Are schools super-spreaders? We are told that children could carry the virus from school to elders at home. The scientific evidence for schools as COVID-19 hotspots is very weak. Indeed, studies have shown the opposite. For instance, a study in Spain looked at data from over 1 million children of all ages in schools, and found that the R-value (rate of virus spread) is well less than one for all schoolchildren. Furthermore, the R-value is lower for lower ages, as low as 0.2 for pre-primary children. So, the practice of shutting Anganwadis and primary schools, which many States have done, is unscientific. Sweden never closed its schools for children under 16, and there was no extra risk for teachers compared to other professions. But at this point, one does not need careful studies, but only plain common sense. How can schools be super-spreaders when every other place in India is crowded: banks, markets, buses, trains, airports, and even malls and theatres?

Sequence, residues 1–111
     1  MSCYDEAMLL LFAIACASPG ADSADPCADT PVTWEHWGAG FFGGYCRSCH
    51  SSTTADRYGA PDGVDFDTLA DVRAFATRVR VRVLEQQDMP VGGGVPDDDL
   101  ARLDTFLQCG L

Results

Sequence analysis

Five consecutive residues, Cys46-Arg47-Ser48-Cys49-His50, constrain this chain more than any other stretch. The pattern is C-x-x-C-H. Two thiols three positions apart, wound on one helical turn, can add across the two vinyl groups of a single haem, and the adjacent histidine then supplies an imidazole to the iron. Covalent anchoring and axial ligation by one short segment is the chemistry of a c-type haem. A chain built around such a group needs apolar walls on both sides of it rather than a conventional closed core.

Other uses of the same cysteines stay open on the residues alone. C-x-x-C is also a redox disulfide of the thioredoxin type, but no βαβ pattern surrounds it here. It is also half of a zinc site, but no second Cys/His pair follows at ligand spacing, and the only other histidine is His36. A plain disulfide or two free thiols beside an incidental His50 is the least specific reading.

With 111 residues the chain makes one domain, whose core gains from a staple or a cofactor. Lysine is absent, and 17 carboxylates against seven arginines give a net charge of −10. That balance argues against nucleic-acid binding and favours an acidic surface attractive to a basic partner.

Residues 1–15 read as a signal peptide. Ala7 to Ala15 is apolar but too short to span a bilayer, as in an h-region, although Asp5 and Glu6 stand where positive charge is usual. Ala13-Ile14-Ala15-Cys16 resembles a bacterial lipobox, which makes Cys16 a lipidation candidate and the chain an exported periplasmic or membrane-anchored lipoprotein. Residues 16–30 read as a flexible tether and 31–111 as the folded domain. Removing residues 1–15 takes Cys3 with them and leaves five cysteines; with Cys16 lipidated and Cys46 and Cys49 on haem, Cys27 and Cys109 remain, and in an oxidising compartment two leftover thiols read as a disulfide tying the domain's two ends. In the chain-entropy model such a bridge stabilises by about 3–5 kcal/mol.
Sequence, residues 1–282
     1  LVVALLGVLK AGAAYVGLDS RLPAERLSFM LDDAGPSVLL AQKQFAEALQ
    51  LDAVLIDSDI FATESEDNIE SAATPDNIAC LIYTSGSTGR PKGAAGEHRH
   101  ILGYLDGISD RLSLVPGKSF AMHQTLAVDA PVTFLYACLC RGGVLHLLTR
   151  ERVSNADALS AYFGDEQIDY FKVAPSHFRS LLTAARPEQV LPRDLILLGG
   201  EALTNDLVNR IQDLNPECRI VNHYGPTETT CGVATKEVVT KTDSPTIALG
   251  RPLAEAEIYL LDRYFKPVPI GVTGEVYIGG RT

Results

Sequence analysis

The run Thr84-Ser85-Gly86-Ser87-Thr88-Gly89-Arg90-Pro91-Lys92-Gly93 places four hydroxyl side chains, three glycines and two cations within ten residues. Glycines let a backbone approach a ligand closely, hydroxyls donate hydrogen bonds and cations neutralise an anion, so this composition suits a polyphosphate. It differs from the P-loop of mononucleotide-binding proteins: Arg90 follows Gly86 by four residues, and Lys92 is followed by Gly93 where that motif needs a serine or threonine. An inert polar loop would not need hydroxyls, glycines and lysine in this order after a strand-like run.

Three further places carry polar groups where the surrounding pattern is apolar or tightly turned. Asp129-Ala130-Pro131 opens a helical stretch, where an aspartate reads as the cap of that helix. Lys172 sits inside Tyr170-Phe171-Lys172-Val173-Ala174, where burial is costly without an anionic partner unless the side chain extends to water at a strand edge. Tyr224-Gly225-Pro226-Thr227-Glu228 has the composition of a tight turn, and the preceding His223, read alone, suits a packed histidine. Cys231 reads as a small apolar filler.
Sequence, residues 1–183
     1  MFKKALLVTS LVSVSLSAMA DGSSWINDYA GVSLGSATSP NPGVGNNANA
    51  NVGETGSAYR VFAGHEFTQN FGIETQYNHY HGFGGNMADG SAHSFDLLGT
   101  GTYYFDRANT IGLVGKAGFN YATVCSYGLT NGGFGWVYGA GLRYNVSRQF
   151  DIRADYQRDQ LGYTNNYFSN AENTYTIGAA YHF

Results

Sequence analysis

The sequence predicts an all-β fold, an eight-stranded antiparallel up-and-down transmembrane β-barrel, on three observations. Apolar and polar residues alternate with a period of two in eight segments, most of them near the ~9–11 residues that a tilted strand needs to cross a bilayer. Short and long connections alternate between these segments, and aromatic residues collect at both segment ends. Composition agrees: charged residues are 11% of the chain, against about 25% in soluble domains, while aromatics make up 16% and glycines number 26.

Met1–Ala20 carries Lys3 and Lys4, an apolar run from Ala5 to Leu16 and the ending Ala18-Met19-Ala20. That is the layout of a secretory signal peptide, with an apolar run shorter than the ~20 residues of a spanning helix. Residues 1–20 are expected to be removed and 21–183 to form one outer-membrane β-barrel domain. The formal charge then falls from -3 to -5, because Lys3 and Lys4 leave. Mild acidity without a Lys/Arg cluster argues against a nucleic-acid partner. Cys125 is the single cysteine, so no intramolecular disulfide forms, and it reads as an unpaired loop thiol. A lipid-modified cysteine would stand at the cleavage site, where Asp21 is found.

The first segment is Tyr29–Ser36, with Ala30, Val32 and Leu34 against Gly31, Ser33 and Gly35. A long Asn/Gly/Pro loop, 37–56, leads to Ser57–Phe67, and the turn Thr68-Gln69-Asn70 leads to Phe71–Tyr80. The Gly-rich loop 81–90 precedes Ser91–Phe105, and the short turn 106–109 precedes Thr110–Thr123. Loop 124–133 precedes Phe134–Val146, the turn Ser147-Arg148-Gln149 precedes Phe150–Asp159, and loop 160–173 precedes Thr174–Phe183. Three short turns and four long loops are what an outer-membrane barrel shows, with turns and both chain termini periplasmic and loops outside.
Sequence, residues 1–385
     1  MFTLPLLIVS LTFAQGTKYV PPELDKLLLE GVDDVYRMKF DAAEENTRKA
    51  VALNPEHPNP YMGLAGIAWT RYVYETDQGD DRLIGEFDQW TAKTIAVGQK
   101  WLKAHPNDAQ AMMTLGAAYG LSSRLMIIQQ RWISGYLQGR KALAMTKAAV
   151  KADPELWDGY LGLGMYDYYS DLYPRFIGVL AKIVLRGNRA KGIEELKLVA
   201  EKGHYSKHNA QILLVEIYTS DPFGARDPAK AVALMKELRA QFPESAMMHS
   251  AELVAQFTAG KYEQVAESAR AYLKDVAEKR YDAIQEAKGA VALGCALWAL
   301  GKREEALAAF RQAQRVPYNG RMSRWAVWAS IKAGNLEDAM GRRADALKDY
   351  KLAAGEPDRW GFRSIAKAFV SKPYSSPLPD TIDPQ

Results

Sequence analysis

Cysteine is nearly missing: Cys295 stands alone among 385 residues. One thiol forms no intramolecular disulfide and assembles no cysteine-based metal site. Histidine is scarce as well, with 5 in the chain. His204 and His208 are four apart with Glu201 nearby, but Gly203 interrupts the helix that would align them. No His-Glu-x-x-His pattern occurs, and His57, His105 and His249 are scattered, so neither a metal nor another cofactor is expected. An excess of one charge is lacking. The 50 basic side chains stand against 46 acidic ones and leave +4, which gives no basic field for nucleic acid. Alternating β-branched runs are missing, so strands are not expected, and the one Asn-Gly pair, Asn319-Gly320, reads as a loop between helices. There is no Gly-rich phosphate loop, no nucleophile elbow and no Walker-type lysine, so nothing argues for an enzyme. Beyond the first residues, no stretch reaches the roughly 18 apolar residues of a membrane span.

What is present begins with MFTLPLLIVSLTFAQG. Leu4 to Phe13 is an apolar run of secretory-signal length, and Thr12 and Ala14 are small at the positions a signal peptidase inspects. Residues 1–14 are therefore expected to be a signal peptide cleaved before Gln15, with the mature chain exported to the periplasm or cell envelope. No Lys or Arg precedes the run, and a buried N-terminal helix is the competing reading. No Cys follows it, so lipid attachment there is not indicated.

Does online education constitute education? Early on in the pandemic, whether children would be affected by COVID-19 may have been an unknown. But it was always known that online education would be a poor replacement for physical classes, and that children, especially in primary and pre-primary classes, can learn as well as socially and emotionally develop only through human interactions with teachers and peers. Yet, by shutting schools, we have experimented with their lives. The results of this experiment are devastating. A detailed survey report from September 2021 shows the extent of the impact. The reading and writing levels of children have declined, with nearly half of them unable to read more than a few words. More than a third of the them were not studying at all.Even going along with the baseless and implicit assurance that learning issues can somehow be made up at some unspecified future date, mental health issues are deeply concerning. Despite a shorter school closure than India, the U.K. has reported alarming increases in mental health issues among kids. Likewise, the American Academy of Pediatrics called the mental health crisis among children a national emergency. In India, aside from mental health issues, there have been other severe consequences of school closure. Malnutrition is a serious problem; by neglecting mid-day meals, we have worsened it. Decades of progress against the severe malice of child labour has been reversed due to extended school closure. As per the 2011 Census, we had an estimated 10.1 million children in child labour. If we had daily updates on malnutrition or child labour cases, we would probably have paid attention to the plight of India’s children and not closed schools this long.